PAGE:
We caught some walleye, but they were all short fish. No keepers.  I decided to run over towards "The Castle" area in 30-35 feet of water, and set up again.

The Ulterra stopped during mid-deploy and started chirping the "motor error" beep.  "Huh? What the heck?"  It wasn't making it over the end of the cradle for some reason.  I went  to the bow and hit the stow button on the remote. It stowed, and I re-deployed it again, this time giving it a little shove to help it over the cradle, and it deployed this time.  We started fishing again. We set up the dipsies and the outside rod started bouncing, but I knew it was a giant Sheephead, by the way it kept bouncing. Sure enough, it was a trophy Sheep, but at least it was a big fish. We had had nothing but 6 to 12 inch walleye up to that point.

After giving them the option to head in, and take a discount on the balance due, because they had a boat with them, and it would allow them to head out and practice what they learned on their own boat, they agreed. So, we brought the lines in and put the rods away. 

I hit the stow button on the Ulterra's remote, and it started to come up, but started chirping the alarm again when it was 1/3 of the way up. I deployed it again, and tried to stow it again. Same thing. "Uh oh", I exclaimed. "I think we have a problem"....and, we did.  I was going to have to do the emergency manual stow on this trolling motor.  I have never had to do one before, so I wasn't sure how to do it.   I called Matt Wieland, who is a Minn-Kota service tech in the area, but he and Jen were out doing their own charter yesterday, too, and he couldn't help me.  

I called Minn-Kota, but they were closed.  So, we watched a You-Tube video, and learned how to do it. Problem was, I didn't have my big screwdriver in the boat, because I had used it during a home project during my time off, and put it in a tool drawer instead of the box of stuff that went back in my boat's glove box. It was needed.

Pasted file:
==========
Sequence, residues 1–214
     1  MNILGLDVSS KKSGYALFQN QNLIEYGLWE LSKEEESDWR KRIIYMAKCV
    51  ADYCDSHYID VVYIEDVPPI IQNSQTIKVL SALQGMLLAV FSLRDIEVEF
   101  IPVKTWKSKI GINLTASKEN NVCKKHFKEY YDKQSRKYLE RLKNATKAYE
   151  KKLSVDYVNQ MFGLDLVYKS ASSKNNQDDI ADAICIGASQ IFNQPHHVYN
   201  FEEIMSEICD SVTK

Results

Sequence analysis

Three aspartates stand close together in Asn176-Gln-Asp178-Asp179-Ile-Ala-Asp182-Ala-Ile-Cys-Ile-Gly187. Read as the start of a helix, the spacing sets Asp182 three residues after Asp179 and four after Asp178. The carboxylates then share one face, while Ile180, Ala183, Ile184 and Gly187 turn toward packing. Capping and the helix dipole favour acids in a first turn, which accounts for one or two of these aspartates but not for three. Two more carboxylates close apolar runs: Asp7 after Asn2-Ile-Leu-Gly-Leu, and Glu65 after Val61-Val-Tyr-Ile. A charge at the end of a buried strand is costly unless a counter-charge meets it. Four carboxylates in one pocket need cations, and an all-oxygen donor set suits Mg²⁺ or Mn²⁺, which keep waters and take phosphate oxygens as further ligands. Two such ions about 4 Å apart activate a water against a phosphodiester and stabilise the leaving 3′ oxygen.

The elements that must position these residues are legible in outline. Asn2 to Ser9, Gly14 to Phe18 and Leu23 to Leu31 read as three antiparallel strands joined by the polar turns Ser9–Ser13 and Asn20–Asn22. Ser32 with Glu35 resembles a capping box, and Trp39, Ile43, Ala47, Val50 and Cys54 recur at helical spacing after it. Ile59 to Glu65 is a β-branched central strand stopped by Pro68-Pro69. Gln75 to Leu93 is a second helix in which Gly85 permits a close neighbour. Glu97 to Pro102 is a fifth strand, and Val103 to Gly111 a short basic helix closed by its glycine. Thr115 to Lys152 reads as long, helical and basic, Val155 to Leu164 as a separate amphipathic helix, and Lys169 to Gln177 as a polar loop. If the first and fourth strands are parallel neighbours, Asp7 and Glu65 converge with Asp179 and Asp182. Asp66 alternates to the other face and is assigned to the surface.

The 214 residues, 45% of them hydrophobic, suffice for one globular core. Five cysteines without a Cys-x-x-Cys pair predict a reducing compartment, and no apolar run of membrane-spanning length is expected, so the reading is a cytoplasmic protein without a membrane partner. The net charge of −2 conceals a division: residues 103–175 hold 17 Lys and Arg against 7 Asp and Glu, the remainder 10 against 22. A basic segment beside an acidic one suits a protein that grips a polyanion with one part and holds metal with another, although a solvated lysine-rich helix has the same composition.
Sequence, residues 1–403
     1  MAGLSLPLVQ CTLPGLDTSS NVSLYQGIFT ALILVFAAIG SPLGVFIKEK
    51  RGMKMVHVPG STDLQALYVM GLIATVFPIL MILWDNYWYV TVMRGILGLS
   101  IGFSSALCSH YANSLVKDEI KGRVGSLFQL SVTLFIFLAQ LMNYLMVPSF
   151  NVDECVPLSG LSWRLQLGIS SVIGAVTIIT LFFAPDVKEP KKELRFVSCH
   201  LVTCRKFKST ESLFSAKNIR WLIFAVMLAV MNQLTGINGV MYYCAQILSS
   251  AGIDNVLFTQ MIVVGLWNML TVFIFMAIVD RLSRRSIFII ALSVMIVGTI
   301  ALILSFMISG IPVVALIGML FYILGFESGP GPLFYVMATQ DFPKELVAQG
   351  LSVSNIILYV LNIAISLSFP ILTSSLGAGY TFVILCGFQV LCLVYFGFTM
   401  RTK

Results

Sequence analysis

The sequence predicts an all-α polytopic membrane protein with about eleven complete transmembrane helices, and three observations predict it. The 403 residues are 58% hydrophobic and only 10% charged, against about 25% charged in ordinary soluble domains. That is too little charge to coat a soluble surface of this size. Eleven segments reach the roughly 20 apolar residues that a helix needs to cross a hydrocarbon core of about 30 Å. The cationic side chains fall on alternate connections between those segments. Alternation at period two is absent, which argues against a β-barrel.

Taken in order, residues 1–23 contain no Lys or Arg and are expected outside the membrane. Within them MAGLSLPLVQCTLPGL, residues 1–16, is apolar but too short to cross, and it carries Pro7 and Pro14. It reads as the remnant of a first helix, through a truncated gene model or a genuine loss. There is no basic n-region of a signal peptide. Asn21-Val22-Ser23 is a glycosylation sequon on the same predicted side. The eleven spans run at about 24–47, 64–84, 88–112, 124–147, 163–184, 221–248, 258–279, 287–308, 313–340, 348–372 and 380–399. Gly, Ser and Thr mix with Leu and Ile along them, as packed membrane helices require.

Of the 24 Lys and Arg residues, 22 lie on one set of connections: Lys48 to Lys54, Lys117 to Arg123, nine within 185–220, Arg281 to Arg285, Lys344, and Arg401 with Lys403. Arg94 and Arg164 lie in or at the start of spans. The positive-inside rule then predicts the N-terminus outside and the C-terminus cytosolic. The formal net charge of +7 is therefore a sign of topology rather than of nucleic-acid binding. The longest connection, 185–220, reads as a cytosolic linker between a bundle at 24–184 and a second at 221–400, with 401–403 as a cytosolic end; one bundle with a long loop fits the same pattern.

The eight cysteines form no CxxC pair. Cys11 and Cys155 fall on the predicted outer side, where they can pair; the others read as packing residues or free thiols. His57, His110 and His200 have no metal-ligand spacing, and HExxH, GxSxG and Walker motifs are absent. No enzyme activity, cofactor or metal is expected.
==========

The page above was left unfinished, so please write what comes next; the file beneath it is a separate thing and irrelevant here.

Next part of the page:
What to do? Ugh....   We took some dock line out of the storage compartment and secured the head of the motor, so it wouldn't bounce as much, as we limped back to the dock from 2 miles out. It was slow-going, but as we neared the river channel, the waves were smaller, so I could speed up a little bit. 
With that long 72" shaft, I didn't want to let it bounce very much, because I didn't want it to get bent.

I called my friend Bobby Greene..."Hello?", he asked. "Are you fishing today?" I asked. "I was, but I'm off the water now", he replied.  "Are you busy right now?" I asked. "I'm on my way to get a pizza. What's up?", he asked. I explained what was going on, and he said he would meet me at the dock with a big screwdriver. 

If you don't know the procedure involved with manually stowing an Ulterra, check it out. I don't think I would want to have to try to do it if it was rough out. lol

We made it to the dock, and another fella in a Ranger 619 had gotten there just before us. Bobby wasn't there yet, so I asked Ranger Guy if he had a big Phillips screwdriver we could borrow for a minute. He did.  We managed to get one of the screws on the side panel off, but the other one needed a different length screwdriver, because of the bow molding that holds a electronics unit interferes with getting a regular sized screwdriver in into the opening, to get to the screw.